Evol Ecol Res 20: 699–700 (2019)

Professor Jeffrey Hutchings (1958–2022)
FRSC; Professor in Biology at Dalhousie University

Freedom of Science, Ideas & Societies

At the end of January, 2022, ecologists and evolutionary biologists experienced a profound loss — Professor Jeffrey Hutchings, an editor of Evolutionary Ecology Research, passed away very, very suddenly. For me the loss was acutely personal; I lost my prime colleague and my life-partner of over eleven years.

As I write, Russia is hammering Ukraine. Ukrainians are fleeing their country. But also, everyday, trains bring Russians to Finland. They leave Russia because they find normal life under the current regime impossible. Just as with information about the corona virus pandemic, the role of noninformed opinions, fake news, and beliefs — spreading and being spread in social media — has become characteristic of what many people in Russia believe about the brutal invasion of Ukraine by the Russian military. This serves as yet another reminder of the importance of scientifically-founded, fact-based information, interpreted and communicated transparently. These ideals were the cornerstones of Jeff’s scientific work and his personality.

Many scientists remember Jeff’s fierce talk, The Death of Evidence, delivered in Ottawa, July 2012. The Canadian Government was attempting to diminish the role of science in decision making, to reduce science funding, and to increase the ability of government to shape the communication of research conducted in their own institutes such as the Department of Fisheries and Oceans. Recently Jeff wrote about the collapse of Northern cod and how science advice about the situation was treated dismissively (Hutchings 2022). Many colleagues also remember Jeff from his strong opinions about the lack of transparency in science, be it in unjustified decisions to reject articles; be it about funding bodies who altered rankings provided by the peer review process; or be it about deeply rooted but weakly founded assumptions that still dominate fisheries management (Perälä et al. 2022).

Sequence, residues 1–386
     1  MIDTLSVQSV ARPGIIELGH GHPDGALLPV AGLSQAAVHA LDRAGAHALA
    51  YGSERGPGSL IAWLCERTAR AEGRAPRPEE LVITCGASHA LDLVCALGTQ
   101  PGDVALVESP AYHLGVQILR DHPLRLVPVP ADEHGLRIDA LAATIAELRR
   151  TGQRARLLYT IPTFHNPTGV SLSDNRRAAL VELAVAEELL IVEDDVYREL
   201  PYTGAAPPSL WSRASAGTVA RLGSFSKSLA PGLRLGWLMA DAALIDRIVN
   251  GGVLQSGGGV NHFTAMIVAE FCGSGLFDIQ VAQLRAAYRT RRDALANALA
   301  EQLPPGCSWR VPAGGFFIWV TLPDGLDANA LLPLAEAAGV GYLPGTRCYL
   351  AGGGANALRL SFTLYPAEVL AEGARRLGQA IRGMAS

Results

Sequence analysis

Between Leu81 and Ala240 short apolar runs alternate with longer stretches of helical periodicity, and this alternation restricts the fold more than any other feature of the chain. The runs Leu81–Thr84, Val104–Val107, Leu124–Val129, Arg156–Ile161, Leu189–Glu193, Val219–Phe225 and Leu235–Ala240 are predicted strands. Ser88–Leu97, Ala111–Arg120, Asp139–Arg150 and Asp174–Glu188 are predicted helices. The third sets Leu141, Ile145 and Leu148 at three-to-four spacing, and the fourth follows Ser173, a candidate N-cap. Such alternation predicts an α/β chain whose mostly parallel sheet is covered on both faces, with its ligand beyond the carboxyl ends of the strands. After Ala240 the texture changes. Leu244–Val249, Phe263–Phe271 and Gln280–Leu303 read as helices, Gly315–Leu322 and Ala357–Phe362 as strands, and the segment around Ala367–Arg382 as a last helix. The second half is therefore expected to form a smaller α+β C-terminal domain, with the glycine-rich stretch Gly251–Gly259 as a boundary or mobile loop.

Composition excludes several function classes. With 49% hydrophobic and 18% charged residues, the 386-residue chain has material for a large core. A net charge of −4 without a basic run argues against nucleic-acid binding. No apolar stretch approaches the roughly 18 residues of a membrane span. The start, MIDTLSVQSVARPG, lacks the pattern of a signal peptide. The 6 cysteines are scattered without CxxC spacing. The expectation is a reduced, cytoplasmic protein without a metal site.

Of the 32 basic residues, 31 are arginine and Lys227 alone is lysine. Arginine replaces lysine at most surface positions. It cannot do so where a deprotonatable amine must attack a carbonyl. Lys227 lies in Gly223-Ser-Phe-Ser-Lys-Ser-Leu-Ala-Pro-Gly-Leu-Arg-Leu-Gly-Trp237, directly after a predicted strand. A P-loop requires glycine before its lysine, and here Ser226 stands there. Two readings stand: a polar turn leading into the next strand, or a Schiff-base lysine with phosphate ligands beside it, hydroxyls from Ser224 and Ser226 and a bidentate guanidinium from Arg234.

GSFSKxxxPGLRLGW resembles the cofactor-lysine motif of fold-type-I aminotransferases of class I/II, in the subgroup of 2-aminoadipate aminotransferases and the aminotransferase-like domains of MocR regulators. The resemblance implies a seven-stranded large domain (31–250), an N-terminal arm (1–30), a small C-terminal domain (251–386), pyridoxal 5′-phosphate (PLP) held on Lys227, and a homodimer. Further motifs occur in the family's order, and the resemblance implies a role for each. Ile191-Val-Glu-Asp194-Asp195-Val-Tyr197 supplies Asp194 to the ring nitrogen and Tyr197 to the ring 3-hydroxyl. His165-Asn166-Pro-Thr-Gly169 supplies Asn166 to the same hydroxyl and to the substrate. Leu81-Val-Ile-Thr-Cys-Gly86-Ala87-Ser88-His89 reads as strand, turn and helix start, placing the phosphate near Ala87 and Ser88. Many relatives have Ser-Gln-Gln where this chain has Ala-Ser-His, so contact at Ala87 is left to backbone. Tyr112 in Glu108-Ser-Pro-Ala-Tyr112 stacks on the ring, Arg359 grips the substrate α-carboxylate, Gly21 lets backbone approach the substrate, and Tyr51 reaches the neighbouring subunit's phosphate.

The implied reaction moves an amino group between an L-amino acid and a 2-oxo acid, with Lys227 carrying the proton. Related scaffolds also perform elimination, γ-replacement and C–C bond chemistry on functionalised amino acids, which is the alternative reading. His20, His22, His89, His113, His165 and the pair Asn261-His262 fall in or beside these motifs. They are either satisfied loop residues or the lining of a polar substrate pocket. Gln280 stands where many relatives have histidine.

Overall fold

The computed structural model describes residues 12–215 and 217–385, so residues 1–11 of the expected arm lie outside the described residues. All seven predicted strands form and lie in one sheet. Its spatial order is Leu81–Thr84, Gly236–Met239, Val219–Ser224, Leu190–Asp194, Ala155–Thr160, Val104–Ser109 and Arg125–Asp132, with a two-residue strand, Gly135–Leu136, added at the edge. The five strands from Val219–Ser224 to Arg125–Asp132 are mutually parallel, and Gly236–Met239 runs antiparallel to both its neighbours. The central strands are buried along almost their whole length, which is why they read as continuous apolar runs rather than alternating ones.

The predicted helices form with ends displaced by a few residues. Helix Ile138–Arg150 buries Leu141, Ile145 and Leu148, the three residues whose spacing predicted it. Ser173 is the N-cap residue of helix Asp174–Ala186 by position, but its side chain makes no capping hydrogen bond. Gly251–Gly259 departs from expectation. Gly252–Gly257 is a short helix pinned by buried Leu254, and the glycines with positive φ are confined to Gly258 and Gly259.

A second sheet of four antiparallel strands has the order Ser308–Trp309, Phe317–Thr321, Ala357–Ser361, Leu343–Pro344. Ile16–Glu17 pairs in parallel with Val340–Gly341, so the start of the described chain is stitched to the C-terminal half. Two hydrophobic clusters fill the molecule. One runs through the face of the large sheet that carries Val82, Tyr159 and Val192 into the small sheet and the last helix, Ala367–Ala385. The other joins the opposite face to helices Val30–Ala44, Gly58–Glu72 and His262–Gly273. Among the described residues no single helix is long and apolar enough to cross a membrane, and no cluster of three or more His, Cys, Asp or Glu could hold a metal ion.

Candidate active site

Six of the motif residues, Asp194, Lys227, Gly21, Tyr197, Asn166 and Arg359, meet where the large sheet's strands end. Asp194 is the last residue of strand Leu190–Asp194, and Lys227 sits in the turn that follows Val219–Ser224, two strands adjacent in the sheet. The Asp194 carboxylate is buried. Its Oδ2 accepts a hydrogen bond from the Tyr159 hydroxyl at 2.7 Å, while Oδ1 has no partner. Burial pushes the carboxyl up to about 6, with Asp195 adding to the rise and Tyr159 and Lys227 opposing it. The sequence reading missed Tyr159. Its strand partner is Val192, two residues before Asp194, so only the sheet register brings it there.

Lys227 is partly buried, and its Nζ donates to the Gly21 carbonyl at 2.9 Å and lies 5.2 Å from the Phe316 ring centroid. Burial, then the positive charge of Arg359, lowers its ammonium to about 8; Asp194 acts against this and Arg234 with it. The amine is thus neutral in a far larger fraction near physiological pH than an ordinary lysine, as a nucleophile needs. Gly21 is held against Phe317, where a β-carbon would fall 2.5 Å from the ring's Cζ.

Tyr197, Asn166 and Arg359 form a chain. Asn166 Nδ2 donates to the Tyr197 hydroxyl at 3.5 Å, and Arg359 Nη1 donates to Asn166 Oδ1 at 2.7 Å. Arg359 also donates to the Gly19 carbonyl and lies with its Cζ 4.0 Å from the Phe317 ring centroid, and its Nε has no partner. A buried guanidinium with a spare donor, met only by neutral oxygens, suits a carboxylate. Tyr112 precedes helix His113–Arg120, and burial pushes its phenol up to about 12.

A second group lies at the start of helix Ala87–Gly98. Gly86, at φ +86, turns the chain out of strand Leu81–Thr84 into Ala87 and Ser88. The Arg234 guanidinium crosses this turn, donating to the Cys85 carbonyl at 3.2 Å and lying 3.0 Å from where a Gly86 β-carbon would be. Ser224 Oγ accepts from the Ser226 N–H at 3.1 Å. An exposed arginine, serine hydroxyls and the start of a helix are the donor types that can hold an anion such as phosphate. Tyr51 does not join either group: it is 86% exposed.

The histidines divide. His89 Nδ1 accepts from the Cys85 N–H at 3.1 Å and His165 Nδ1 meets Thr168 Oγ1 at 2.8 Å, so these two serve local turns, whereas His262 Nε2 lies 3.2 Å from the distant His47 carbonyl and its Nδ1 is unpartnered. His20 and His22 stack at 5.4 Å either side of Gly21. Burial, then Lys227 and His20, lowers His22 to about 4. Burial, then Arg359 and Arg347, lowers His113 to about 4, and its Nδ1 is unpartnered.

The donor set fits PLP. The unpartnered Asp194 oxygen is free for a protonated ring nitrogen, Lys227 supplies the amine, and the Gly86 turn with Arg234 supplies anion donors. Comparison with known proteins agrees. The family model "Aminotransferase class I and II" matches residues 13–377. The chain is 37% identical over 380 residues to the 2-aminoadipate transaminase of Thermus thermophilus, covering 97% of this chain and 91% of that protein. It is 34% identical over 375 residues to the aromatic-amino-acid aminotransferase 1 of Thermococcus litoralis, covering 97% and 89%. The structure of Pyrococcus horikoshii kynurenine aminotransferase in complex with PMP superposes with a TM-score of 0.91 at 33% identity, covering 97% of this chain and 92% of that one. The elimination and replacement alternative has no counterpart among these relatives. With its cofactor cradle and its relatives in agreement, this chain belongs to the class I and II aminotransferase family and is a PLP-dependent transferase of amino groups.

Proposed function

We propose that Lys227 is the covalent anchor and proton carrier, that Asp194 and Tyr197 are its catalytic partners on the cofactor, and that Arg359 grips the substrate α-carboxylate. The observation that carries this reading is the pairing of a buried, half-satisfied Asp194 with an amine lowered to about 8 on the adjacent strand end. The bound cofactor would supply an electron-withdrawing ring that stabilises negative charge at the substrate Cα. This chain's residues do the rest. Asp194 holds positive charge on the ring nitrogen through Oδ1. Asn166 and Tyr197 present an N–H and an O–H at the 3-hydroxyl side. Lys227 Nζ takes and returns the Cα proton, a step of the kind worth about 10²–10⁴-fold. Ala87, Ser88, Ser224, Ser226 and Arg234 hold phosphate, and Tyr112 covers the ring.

In summer 2021, Jeff and I served on a panel to envision the future of Evolutionary Ecology Research. In Jeff’s view, one of the great strengths of EER is to serve as an arena to present novel ideas. He thought that all too many journals, editors and peer reviewers base their recommendations on ‘theses (already) established in our minds’ rather than solid evidence provided by data and novel, well-founded ways to compose alternative hypothesis (Hutchings & Kuparinen 2021). Jeff’s example reminds us that science can stay impactful not only by being transparent and critical but also by having the courage to reevaluate and challenge itself on an ongoing basis.

Rather than protecting old forts, scientists themselves should serve as the prime champions of their work, just as Jeff did.

7 March 2022

Anna Kuparinen 
University of Jyväskylä, Finland

Keywords: obituary, memorial, tribute, government influence on science messaging, value of novel, well‐founded, alternative hypotheses, fake news.


Hutchings JA (2022) Tensions in the communication of science advice on fish and fisheries: northern cod, species at risk, sustainable seafood. ICES Journal of Marine Science (in press; https://doi.org/10.1093/icesjms/fsab271)

Hutchings JA, Kuparinen A (2021) Throwing down a genomic gauntlet on fisheries-induced evolution. Proceedings of the National Academy of Sciences, USA 118:e2105319118 (https://doi.org/10.1073/pnas.2105319118)

Perälä T, Hutchings JA, Kuparinen A (2022) Allee effects and the Allee-effect zone in northwest Atlantic cod. Biology Letters 18: 20210439 (http://doi.org/10.1098/rsbl.2021.0439)

© 2022 Ana Kuparinen.
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